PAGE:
But I stopped. Literally, mid stride. Somehow I’d just convinced myself not to investigate what I had wanted to investigate. All my thoughts in that minute or so had apparently connived into getting me to stop being alone with my thoughts and feelings.

This just got interesting.

I sat back down to re-engage and let the process continue. What happened next goes beyond words. I had a continuing battle with my thoughts, where I’d consistently try and convince myself that I should stop. Already suspicious of my mind, I thought that all this thinking might also be a way it’s trying to stop me being alone with myself. And throughout this battle, it became more and more obvious that I wasn’t bored at all – I was anxious.

And this was the initial ethos behind the investigation – trying to figure out what made me anxious about having nothing to do. So I asked myself, what would make me anxious about being with myself? There must be something I’m afraid of there – something I don’t like about myself. What is it that don’t like about myself?

Be careful asking a question if you’re not ready for the answer.

I dislike… feeling like a fraud. That I’m not actually special and I’ll never do anything meaningful. I don’t like that I waste so much time and squander my potential. I dislike the me that drinks too much and the me that isn’t disciplined enough to exercise. I dislike the thought that I’m getting more unattractive each day.

There it is. There’s the stuff that sits underneath the surface, like mould under wallpaper.

I don’t like doing this anymore and I’m sad. It was easy talking and thinking about, but walking this path is sad and lonely.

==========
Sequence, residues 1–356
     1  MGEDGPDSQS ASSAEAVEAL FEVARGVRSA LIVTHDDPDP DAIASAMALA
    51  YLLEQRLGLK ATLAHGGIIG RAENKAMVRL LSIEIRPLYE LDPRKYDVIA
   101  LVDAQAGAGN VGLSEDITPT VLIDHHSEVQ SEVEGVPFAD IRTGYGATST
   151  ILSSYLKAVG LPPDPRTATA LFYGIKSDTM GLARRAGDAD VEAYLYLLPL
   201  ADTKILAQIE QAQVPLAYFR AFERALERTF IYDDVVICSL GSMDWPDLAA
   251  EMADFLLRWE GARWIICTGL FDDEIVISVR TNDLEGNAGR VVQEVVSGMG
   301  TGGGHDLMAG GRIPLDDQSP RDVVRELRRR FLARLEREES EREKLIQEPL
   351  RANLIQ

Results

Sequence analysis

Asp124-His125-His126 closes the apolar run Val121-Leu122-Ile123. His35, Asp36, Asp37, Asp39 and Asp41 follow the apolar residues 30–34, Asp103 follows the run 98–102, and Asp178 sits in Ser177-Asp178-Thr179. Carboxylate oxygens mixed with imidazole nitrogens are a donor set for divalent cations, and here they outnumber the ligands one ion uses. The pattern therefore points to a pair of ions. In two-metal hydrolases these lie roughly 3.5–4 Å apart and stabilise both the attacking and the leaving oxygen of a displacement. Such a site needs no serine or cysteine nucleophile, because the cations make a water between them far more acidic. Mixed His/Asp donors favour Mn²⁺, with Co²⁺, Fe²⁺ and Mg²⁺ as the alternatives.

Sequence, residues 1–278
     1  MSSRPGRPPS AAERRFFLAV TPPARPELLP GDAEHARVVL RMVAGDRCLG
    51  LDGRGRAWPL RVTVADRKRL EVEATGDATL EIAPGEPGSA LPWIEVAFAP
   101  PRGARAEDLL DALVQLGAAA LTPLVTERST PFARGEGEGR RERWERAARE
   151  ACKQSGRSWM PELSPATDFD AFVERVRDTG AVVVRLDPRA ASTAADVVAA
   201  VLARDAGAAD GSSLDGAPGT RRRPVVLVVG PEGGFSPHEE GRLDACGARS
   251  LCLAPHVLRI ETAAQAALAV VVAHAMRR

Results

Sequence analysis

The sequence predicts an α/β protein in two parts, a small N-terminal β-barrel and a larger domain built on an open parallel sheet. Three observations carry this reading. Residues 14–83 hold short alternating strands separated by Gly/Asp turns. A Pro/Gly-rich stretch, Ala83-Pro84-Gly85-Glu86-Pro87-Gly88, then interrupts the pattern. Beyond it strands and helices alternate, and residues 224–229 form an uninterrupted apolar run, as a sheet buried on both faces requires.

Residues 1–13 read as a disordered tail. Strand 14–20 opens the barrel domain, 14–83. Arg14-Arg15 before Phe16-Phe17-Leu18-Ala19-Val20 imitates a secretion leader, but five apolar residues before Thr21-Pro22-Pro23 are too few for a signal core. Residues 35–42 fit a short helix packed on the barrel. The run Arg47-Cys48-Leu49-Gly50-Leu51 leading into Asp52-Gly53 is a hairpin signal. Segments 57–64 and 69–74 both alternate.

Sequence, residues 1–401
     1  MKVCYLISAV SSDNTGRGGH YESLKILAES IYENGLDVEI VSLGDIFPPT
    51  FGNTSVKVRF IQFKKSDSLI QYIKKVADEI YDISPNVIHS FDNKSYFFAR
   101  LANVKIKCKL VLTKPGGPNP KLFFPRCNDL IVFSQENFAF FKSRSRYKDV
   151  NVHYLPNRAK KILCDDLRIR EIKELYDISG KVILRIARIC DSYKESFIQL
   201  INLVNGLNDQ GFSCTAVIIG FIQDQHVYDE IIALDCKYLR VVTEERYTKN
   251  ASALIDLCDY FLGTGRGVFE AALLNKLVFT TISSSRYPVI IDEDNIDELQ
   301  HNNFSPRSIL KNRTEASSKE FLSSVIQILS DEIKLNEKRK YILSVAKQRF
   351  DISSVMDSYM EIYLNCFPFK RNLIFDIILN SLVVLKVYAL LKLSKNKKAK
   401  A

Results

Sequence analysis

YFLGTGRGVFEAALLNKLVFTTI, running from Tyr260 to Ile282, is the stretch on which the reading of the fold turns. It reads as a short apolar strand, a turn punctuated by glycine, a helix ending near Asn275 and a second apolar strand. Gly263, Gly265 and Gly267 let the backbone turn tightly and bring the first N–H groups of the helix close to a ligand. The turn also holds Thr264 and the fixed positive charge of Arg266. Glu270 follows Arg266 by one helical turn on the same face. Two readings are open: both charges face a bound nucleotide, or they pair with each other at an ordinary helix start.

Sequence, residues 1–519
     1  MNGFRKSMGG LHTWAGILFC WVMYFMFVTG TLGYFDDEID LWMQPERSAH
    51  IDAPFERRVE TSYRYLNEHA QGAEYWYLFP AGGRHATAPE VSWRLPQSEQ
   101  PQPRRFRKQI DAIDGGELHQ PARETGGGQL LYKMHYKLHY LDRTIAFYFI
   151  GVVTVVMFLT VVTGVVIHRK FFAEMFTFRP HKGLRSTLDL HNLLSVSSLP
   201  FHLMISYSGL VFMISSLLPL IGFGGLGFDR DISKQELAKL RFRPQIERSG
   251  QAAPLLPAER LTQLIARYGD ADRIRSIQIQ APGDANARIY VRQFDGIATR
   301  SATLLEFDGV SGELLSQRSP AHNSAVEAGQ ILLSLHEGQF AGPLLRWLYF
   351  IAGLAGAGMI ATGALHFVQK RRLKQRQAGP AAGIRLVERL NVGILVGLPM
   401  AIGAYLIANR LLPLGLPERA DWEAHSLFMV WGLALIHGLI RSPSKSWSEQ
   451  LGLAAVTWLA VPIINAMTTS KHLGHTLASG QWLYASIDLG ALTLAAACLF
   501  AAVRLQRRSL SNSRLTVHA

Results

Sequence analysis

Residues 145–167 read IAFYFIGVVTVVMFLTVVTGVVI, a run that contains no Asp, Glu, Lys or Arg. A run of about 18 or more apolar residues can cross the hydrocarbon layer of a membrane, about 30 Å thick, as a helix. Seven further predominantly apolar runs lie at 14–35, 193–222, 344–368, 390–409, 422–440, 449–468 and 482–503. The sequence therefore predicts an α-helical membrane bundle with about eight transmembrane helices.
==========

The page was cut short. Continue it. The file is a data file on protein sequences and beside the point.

So is this where boredom sits? Is it our minds telling us we’re in danger of having to experience this mouldy self-loathing? For me, at the very least, that’s what it represents: it’s an uncomfortable feeling created by the ever-present potential that I’ll have to experience my own self-loathing.

At home, by this point, I felt like I’d accomplished what I set out to do: I’d actually gone down the rabbit hole myself. Looking at the future now, I can’t imagine being bored will ever be the same. I know now that there’s something under the boredom – that it’s just a mask. More to the point, I now see why I do all those things to keep me from getting bored.

My first article on TC was about all of us being addicts in some way. And for a long time, I’ve had the knowledge that people use substances and routines to help them escape something. But now, because of this tiny investigation, I have a personal awareness, and experience of, part of what it is that I’m escaping.

Some of you might say that doing this investigation wasn’t a very good idea: it made me sad when I could have just carried on with my regular routine. In thinking about a response to justify why I think this was a good idea, I went back into that sad place again. In going down this rabbit hole, I realize how clever my mind is. Just when my sadness was increasing, my mind managed to convince me that I’d got what I needed from this investigation and to stop it.

I don’t know what deeper issues there are underneath my insecurities, but I do know that I’m no longer worried about sitting alone with my thoughts as much. I know some of the reason why I avoid boredom now, but more importantly, I know that my mind can do an amazing job of stopping me from falling too far down the rabbit hole. TC mark

image – Basheer Tome